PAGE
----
collect the carbon dioxide from a liter of gasoline at a price that is dwarfed by gasoline
taxes. We expect to move rapidly from an initial price of 20 pence a liter to ultimately
less than 3 pence a liter.

Ultimately, carbon dioxide capture and storage makes it possible to put a price on carbon
at the source. What needs to be controlled is the mobilization of carbon, which happens
the moment carbon is extracted from the ground. For national or regional
implementation one should also charge for imports of raw carbon. A cap and trade
system, or a carbon tax that acts on the extraction of carbon and on imports of carbon
fuels is far simpler than current cap and trade devices, as the number of companies that
need to be controlled is greatly reduced, and their carbon production is already carefully
monitored. Moreover, such a carbon trading scheme would affect all industries equally
and not distinguish between large and small emitters, between mobile or stationary

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sources. Ultimately carbon extraction must be matched by carbon dioxide capture and
storage. For every ton of carbon pulled from the ground, another ton of carbon must be
taken out of the mobile carbon pool. A coal, gas or oil company would have to create or
purchase certificates of sequestration that cancel out the mobilization of fresh carbon.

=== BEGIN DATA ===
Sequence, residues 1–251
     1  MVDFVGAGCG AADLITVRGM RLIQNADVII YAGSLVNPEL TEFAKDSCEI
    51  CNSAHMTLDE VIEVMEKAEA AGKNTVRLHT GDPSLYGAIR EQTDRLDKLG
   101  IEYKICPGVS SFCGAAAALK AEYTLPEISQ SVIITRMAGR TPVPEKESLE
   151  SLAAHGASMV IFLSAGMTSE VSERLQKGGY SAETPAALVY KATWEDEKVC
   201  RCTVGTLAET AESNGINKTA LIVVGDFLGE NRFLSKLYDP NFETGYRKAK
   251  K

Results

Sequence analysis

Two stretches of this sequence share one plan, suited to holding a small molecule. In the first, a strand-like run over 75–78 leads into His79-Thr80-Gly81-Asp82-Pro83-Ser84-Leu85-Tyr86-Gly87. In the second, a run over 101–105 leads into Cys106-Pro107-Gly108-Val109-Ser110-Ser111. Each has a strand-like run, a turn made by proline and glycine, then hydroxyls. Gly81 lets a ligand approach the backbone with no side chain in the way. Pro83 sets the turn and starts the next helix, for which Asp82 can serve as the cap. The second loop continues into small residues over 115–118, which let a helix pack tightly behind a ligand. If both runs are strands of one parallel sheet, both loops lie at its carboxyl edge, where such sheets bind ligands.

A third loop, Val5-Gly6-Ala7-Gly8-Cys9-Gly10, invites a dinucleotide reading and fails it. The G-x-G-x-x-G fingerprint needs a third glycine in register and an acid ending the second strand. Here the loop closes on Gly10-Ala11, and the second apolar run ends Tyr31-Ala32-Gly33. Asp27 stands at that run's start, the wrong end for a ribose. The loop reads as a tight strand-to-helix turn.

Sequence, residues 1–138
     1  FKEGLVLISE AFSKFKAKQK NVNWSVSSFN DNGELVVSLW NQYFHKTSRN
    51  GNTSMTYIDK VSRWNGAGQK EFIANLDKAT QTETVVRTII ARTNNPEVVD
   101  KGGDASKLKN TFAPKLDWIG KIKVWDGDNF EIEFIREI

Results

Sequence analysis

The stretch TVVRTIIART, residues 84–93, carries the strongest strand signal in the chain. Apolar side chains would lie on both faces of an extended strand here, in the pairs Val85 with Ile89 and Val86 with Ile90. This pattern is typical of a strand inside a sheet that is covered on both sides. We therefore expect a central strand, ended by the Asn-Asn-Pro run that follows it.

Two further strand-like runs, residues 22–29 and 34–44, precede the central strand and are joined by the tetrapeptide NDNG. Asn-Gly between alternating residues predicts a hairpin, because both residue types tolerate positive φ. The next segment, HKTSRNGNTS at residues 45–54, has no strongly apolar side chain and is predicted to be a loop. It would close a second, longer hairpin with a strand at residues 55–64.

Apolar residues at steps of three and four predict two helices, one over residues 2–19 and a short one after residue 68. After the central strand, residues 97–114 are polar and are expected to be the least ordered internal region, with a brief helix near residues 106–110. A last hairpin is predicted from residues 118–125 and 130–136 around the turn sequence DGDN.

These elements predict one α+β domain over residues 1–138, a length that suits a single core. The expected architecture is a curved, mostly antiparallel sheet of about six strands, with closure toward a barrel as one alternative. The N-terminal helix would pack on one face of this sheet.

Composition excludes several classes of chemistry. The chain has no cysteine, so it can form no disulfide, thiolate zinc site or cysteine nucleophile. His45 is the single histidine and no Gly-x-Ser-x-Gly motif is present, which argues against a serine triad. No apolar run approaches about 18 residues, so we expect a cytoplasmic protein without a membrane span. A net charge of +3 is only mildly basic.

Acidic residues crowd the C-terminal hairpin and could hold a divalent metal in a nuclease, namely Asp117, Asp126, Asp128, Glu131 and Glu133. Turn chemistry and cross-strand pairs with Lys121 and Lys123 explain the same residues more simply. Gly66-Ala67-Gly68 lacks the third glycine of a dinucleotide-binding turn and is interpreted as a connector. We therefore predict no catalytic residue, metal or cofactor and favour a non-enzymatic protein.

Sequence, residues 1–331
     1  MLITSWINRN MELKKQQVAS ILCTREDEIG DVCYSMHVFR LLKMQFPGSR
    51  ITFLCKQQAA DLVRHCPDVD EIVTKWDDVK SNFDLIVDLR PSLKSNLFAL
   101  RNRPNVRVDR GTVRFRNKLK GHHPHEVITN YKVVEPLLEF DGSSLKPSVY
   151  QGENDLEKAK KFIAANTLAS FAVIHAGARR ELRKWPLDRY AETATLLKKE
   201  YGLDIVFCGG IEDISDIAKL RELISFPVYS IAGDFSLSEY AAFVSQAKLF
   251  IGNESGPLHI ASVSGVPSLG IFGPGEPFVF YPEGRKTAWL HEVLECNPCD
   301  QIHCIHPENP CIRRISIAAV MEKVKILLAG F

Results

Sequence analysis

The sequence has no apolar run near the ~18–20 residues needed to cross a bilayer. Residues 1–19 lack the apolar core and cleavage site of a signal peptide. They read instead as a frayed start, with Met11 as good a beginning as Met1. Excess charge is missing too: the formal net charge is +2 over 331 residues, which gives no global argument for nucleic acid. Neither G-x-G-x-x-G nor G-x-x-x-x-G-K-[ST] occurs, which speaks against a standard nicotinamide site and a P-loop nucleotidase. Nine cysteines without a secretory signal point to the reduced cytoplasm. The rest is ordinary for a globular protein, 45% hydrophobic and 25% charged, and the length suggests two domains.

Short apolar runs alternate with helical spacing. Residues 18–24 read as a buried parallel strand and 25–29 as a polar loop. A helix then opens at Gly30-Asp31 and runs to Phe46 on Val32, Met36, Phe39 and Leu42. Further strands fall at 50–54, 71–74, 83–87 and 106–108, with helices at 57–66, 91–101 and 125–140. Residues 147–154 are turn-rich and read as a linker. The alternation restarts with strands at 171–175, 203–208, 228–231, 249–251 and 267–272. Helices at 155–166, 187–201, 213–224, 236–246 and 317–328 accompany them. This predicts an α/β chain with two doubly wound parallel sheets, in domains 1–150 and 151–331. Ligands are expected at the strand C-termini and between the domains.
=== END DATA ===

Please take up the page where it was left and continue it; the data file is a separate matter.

Obviously there is a transition time in which mobilization and sequestration cannot be
fully matched, but at the end of this transition the economy becomes carbon neutral.

It is thus possible to achieve a worldwide transition from a fossil fuel economy that
smothers the world in excess mobile carbon to one that is carbon stabilized. Air capture
could play a crucial role as it can compensate for emissions from the transportation
sector. Air capture can also remove excess carbon that has already accumulated in the
environment. It separates sources and sinks in time and space. Very importantly, air
capture makes it possible for the transportation sector to keep relying on efficient liquid
hydrocarbon fuels. These fuels could be produced from fossil energy resources like oil,
gas or coal, but even if these fuels were made synthetically with input of renewable
energy, the carbon dioxide emissions from a vehicle would still have to be recaptured as
otherwise they would still accumulate in the atmosphere. In all cases, air capture
technology can truly close to the anthropogenic carbon cycle. It is an enabling
technology that, if successfully demonstrated, removes the largest obstacle on the path
toward sustainable energy supplies.

November 2008